Vancouver Tours Blog

10 Facts About the Polar Bear Plunge

Are they nuts? Plunging into water at 8 degrees Celsius (46 F)! Perhaps they are, but people have been known to do stranger things.

  1. A Polar Bear “Swim” or “Plunge” is a tradition that goes back more than 100 years. It originated with the Scandinavian sauna tradition as a way to rapidly cool off after the heat of a sauna.
  2. In China and Russia, ice-swimming is reputed to have health benefits and is performed whenever the need arises, not just on New Year’s Day.
  3. Russian ice-swimmers are referred to as ‘walruses’ instead of the North American ‘polar bears’.
  4. In North America, the oldest annual plunge belongs to Boston, MA (1904). Dorchester Bay water was 3 degrees Celsius (37 F) on January 1, 2012 – barely above freezing. Regardless, over 600 swimmers came out to take the waters.
  5. Full submersion is the objective for the purists. They say that it’s not so bad once you get your head wet. I don’t know about that!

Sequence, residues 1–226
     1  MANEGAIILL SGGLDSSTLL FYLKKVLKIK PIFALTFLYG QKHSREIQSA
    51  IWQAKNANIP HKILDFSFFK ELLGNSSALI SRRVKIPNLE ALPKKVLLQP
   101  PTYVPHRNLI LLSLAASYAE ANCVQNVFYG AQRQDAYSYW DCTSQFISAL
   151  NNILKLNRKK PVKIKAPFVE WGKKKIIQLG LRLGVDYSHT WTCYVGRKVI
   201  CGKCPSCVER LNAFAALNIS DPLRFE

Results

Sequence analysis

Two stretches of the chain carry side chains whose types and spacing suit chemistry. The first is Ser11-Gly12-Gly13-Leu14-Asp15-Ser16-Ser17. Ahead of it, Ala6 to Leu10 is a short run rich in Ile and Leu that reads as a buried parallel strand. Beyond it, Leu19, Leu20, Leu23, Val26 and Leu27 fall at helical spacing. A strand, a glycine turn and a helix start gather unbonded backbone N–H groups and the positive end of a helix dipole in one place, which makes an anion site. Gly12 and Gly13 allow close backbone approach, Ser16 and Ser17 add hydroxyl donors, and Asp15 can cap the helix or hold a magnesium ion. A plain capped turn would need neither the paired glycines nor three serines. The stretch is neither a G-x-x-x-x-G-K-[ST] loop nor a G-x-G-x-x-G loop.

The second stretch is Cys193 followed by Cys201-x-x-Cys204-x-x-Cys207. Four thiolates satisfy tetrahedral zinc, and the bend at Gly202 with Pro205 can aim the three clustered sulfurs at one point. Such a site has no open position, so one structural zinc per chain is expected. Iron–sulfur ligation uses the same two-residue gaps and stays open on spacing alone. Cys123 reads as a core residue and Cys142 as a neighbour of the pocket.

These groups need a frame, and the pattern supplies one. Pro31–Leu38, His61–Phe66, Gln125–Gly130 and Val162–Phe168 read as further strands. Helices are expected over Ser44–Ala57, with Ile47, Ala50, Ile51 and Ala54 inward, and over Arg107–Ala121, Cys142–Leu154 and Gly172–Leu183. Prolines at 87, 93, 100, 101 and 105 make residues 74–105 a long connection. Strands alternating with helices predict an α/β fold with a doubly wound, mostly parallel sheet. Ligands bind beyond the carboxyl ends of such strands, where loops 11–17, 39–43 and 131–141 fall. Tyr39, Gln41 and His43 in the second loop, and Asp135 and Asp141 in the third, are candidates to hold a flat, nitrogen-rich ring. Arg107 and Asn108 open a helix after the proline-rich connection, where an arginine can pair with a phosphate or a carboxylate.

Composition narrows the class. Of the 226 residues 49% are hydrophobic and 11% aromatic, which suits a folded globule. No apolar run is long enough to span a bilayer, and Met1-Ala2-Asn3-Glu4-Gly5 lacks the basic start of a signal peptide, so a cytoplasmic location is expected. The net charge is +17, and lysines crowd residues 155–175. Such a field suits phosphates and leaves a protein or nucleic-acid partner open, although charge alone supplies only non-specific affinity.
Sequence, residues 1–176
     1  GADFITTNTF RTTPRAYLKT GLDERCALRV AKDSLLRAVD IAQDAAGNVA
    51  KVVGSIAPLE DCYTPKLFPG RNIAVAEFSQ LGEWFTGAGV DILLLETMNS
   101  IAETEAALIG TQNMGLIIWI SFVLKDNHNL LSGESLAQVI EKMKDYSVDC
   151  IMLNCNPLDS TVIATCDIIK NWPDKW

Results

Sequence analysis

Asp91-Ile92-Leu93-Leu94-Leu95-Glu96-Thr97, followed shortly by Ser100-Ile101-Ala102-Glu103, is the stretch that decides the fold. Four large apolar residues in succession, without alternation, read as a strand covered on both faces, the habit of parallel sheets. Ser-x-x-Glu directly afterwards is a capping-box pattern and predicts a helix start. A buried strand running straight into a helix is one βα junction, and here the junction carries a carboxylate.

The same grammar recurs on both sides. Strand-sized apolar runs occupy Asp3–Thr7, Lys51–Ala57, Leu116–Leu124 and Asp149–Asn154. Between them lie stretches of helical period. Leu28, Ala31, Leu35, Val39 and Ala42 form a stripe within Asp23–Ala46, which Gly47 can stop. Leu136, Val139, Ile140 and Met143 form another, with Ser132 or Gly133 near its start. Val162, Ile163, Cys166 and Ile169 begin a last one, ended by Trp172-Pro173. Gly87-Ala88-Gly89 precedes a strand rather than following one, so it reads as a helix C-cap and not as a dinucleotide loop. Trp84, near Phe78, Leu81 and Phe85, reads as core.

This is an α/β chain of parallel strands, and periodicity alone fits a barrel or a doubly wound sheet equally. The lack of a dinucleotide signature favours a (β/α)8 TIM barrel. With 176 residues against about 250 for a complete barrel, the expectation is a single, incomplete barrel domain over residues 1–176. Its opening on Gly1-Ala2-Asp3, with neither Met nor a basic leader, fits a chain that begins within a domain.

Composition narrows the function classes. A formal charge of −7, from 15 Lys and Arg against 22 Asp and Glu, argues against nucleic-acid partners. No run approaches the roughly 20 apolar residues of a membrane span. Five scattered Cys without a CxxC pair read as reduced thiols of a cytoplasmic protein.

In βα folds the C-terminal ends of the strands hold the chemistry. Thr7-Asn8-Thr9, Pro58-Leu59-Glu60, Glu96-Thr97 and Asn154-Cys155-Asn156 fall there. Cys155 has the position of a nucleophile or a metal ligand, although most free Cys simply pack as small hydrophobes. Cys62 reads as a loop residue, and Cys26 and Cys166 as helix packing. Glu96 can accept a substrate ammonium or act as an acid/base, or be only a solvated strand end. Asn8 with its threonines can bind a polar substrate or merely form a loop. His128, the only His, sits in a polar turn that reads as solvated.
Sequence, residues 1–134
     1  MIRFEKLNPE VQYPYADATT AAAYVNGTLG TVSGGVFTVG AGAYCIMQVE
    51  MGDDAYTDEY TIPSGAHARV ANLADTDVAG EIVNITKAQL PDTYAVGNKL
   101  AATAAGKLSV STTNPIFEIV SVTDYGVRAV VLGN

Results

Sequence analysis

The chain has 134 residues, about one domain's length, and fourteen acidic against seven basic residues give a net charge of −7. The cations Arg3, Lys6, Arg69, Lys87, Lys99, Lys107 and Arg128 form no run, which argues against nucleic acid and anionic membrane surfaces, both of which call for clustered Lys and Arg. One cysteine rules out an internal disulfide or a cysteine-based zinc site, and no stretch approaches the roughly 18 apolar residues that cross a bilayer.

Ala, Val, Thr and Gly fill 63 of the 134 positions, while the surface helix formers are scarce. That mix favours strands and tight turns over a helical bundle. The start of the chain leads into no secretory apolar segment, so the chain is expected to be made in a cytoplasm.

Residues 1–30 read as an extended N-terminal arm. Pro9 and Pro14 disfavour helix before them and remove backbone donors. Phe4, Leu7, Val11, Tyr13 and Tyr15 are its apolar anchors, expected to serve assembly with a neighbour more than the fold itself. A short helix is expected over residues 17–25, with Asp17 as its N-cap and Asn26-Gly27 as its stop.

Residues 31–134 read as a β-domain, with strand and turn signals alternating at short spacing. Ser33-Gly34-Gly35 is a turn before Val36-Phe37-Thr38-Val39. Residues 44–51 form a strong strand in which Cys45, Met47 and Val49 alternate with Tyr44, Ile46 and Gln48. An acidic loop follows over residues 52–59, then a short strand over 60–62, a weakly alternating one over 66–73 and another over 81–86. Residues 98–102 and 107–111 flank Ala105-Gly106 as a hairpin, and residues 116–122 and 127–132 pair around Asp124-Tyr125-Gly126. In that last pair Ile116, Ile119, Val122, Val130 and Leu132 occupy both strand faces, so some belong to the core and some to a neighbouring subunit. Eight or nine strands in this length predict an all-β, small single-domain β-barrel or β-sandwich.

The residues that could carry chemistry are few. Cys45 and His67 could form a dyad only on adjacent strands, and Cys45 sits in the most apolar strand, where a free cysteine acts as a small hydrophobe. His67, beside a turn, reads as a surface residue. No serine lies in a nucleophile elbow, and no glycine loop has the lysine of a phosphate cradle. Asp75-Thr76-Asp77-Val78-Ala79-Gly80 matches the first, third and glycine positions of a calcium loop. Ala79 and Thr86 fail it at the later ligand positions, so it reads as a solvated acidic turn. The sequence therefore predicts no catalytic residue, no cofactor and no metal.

6. Costumes are optional but preferred in North America. Superhero costumes are common. At least one person has donned a polar bear costume.
  7. The biggest event in Canada takes place in Vancouver, B.C. Vancouverites plunge into a frigid English Bay, part of the Pacific Ocean. The swim was initiated in 1921 by a local restaurateur who invited friends to join him for a quick dip and rewarded them with a free lunch. Nowadays, there are more than 2,000 participants and 10,000 spectators.
  8. Water temperatures in English Bay on New Year’s Day are usually in the vicinity of 8 Celsius. Considering that normal body temperature is 37 Celsius, you can see that there is a significant gradient. Most people dash in and dash right back out. A few brave souls actually swim for a couple of minutes, but the majority just plunge. One participant commented that “it’s quite pleasant once you lose feeling in your limbs”.
  9. January 1, 2012 saw a record 36,000 polar bear swimmers in various locations around the Netherlands.
  10. Thousands of dollars are raised for charity each year by New Year’s Day ‘Polar Bears’.

Plunging into icy water can be done for health, fun, charity or just to strike it from your bucket list. If you missed the New Year’s Day plunge, you can head north to Yellowknife, North West Territories for their March “Freezin for a Reason” in Great Slave Lake, 400km (250 miles) south of the Arctic Circle.

Source by Karen Rogers Sim

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